One of the city’s nicknames is the “Holy City”. As you wander the streets around South of Broad you’ll see many church spires and wrought iron gates around cemeteries, with seemingly as many Spanish moss covered trees as headstones, all giving testimony to this well-earned moniker. And in keeping with the underlying theme of Charleston, even these places are not the cold intimidating off limits site of only those righteous or known enough to enter, they have their gates and doors open, inviting the passerby to come stay for a while.

Charleston Church Spire.

Charleston Church Spire.

And stay for a while is exactly what I want to do each time I visit this exquisitely contented city. There are still so many doors to explore and menus to try. Who knows, perhaps the name Putnam will fit as comfortably as Calhoun and Pinckney and I might also spend my day trying to decide which bronze door knocker looks best on one of the marigold-colored row houses, with pine grove green shutters and door. Or perhaps I already do fit in…that is after all how this city wants you to feel.

© copyright Bill Putnam and Mariam d’Eustachio 2012.

SpongeBob and the Pineapple

My mouth is watering as I write this. All because of a tropical fruit, the pineapple.

Pineapple Garden Sculpture from Dumbarton Oaks, Washington, D.C.

The pineapple has a uniquely American history and somewhat sordid past as a symbol of hospitality. It’s arrival in the colonies dates as far back as Christopher Columbus. This exotic fruit, which has a strong flavor both tart and sweet, is the reason my mouth is watering. It was first brought to the Americas from the islands of the Caribbean and the West Indies by sea captains. They had discovered it’s rough exterior, which oddly resembled a pinecone, disguised a sweet and juicy flesh.  Upon their return from sea, these captains would stake a pineapple outside of their home to indicate they had returned, triumphant.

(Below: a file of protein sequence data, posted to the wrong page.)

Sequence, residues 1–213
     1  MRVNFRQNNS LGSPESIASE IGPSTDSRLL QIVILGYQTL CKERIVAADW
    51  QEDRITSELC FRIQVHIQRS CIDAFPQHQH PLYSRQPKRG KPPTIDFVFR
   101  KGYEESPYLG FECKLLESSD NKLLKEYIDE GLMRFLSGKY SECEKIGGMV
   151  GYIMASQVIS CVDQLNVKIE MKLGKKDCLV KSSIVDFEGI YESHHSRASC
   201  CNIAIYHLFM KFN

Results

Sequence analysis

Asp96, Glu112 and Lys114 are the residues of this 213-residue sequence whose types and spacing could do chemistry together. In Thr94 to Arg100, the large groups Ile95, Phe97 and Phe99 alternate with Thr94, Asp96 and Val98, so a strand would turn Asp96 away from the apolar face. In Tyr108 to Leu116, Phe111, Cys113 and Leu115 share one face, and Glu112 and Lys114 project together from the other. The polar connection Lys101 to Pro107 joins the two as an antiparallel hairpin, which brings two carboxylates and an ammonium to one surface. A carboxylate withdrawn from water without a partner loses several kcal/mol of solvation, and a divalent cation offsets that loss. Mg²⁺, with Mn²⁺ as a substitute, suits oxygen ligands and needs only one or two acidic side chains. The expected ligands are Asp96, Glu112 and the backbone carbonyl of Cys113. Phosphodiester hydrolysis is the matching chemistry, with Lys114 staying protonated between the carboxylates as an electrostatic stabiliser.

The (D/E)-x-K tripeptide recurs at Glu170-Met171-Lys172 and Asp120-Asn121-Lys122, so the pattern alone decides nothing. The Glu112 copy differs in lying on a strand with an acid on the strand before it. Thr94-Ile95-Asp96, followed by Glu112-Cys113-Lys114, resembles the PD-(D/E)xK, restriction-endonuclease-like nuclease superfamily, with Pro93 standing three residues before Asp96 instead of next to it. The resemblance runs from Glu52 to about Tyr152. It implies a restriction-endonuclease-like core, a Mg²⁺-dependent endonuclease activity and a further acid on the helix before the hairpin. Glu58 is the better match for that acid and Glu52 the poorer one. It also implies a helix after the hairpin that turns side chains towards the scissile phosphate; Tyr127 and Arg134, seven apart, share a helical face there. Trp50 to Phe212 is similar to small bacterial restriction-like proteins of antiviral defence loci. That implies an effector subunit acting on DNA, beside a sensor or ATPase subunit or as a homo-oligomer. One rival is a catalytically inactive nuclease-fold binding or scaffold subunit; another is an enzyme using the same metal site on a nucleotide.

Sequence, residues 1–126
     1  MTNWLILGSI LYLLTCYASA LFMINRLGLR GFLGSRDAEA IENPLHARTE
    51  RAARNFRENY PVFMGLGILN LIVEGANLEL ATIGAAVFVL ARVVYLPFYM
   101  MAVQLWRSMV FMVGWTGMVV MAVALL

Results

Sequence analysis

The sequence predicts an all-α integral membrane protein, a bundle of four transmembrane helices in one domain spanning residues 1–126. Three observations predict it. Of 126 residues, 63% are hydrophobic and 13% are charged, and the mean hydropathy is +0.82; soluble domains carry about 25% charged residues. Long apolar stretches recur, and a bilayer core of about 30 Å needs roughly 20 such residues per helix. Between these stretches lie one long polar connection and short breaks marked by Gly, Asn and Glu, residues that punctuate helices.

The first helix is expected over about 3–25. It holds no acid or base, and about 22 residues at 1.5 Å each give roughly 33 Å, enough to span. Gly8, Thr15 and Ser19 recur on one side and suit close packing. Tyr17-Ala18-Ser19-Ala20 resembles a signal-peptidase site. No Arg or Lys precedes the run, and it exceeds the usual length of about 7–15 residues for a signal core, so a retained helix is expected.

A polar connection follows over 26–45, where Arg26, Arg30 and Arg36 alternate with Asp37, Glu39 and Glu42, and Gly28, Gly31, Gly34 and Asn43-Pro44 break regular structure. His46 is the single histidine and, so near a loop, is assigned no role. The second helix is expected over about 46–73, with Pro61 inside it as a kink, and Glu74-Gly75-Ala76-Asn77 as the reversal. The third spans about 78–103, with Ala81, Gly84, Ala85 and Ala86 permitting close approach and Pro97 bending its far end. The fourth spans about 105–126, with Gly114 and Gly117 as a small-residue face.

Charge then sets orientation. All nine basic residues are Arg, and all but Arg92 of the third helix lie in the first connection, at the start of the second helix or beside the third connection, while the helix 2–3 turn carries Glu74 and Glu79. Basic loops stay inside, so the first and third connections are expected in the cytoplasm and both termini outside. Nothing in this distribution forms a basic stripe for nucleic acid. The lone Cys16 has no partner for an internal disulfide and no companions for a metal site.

Detail of a platter with pineapple.

Hostesses began to pay exorbitant fees just to have a pineapple on display at their table. The pineapple rapidly became the most desired of fruits and gained popularity among the wealthy as well as kings abroad for it’s exotic appeal. In the colonies, pineapples were elevated to a status symbol and indicated what lengths a hostess was willing to go to in order to impress her guests.

Pineapple carved bedpost.

The pineapple eventually found a comfortable place as a uniquely American symbol of hospitality. Pineapples now appear as carvings in furniture, on top of finials, and as garden ornaments, and they take their rightful place among the many early designs in American furniture.

Crystal Chandelier adorned with a pineapple.

The pineapple has truly established itself as a welcoming symbol, one that harkens back to the early days of our country and can be proudly displayed in your home.

Pineapple Bird Feeder.

However, some skeptics say the pineapple symbolizing hospitality is just a myth. I would argue that you need look no farther than the “SpongeBob Squarepants” cartoon as authority.

SpongeBob Squarepants, lego version.

SpongeBob lives in “a pineapple under the sea” where he regularly entertains Patrick and Squidward.  And as if this were not proof enough, almost every historical property or inn on the East Coast sports a pineapple somewhere in their home or garden.

Pineapple Candlestick.

Why not indulge in the myth of the native fruit as an early American symbol of hospitality? It is in fact a good story, whether it is true or not, and I will do my best to promote it as such.
© copyright 2012 Mariam d’Eustachio.